Of course I finally get around to playing more puzzle games right around the time of forum transition. The Pagoda might be closed but rambling about puzzle games is forever!

Pic Pic is a collection of three different kinds of grid-based numerical/logic puzzles with four hundred entries each; we will be ignoring two of them, one because it is boring and the other because I can’t figure out how it works (reading japanese would likely help). The important one is Drawing. As in the aforementioned Slitherlink you are given a vast grid with certain boxes containing a number, except that instead of being limited to between zero and three they can reach into the twenties.

The idea is to connect two like numbers in a line that is made up of the same number of grid squares as said number. A “1” is just filled in by its lonesome, a “2” is always next to another one… err, “2”, and beyond that is where things get tricky. Starting with "3"s there are at least a couple different ways in which to connect them based on their location respective to each other, and the number of theoretical arrangements increases dramatically as the numbers themselves climb higher. Add in that there are often multiples of each number clustered near each other, requiring the player to determine which ones are paired together, and the potential complexity becomes obvious. When the grid is filled in correctly it forms a picture; one puzzle around the midpoint was the Mona Lisa while one of the very last ones was of a giant space turtle with some elephants on its back supporting a disc-shaped world. I liked that one the best.

There are a couple things to help guide the player. One is that each set of puzzles (they are grouped in five different sets based on size and difficulty) has both black & white and color ones. In the color ones there are several different colors that the numbers come in, with numbers of a given color only able to be connected to numbers of the same one. The other is that there is only one possible solution to each puzzle, and that knowledge can be used to the player’s advantage. If there are two possible arrangements between two numbers in a given situation, the player can see if one of them has no effect on the rest of the puzzle in terms of limiting options. If it has no effect while the alternative does, then as counterintuitive as it seems the one that limits options must be correct as otherwise there would be two possible correct arrangements.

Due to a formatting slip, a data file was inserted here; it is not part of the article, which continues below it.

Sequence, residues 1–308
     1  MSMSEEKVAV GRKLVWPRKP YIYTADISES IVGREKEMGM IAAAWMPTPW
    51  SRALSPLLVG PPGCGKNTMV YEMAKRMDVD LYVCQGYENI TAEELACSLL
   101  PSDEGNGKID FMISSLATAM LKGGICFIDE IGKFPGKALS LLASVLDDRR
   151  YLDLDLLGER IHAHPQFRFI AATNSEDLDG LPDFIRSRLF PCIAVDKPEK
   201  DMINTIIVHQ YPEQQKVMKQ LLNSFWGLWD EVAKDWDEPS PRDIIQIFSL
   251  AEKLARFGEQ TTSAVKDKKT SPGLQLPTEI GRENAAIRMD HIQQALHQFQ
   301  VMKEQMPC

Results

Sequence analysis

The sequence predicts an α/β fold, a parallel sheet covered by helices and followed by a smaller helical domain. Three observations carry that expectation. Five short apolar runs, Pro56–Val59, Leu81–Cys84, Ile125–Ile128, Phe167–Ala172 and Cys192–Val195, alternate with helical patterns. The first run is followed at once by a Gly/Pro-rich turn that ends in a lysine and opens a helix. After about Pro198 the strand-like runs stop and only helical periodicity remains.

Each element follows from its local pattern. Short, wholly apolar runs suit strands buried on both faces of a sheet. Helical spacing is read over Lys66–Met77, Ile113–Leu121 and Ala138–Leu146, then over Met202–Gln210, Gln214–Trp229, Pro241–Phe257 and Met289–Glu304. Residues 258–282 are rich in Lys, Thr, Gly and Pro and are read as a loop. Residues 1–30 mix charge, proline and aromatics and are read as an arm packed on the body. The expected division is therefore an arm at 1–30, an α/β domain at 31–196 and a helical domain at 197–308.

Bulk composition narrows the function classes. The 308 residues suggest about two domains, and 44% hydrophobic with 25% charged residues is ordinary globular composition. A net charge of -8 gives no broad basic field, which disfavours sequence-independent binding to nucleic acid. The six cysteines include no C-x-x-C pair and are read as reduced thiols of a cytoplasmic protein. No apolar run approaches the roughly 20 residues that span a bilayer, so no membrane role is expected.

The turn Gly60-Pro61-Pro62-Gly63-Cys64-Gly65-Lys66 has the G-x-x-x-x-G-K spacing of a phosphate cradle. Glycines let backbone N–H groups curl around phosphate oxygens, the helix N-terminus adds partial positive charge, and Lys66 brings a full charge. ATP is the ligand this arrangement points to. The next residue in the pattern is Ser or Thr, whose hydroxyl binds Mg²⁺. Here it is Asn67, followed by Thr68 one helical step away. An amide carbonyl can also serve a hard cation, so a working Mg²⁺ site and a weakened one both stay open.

It is worth noting that these puzzles become truly massive in scope. I loaded up puzzle #400 and it takes place on a grid 90 squares wide and 45 squares high. That’s 4,050 total squares according to my calculator. Slitherlink’s 36x20 grids were the largest I had come across previously; these are about five and a half times larger and can be overwhelming at times. To give a rough estimate of the time it takes to complete these puzzles I consider myself to have gotten pretty good at them by the end and the final ones were taking me in the area of thirty minutes to fill in. Before that I’d say most were finished in the ten to twenty minute range. One time I multiplied that by four hundred and asked questions of myself.

In terms of how it actually plays, after a quick once over filling in all the gimme squares to start it becomes a game of picking a section of the grid, visualizing all the various line arrangements possible and logically trying to determine which ones are even possible and if there is more than one which is most likely. Sometimes one is lucky and they can solve an entire section on the first go but usually there is not enough information and they have to look elsewhere for a while. In the color puzzles in particular the majority of squares will be filled in (unless the final image has a lot of negative space; these are often the hardest to solve) so solving a given section of the grid has the effect of producing more info with regards to solving adjacent ones. In this way you often get a cascade effect where after an extended run of little progress you will solve a bit that lets you solve an adjacent one, the result being a wave of progress across the entire grid. It ultimately lacks the… elegance of Picross and the aforementioned Slitherlink, the two kings of this particular logic game subgenre, but Pic Pic is a more than worthy entry on the level right below those two giants.

I recall seeing a few games like this available on various android or app stores. I did not get a chance to play any of them but they seemed to be a good bit smaller in scope. Still given the relative ease of access they may be worth investigating.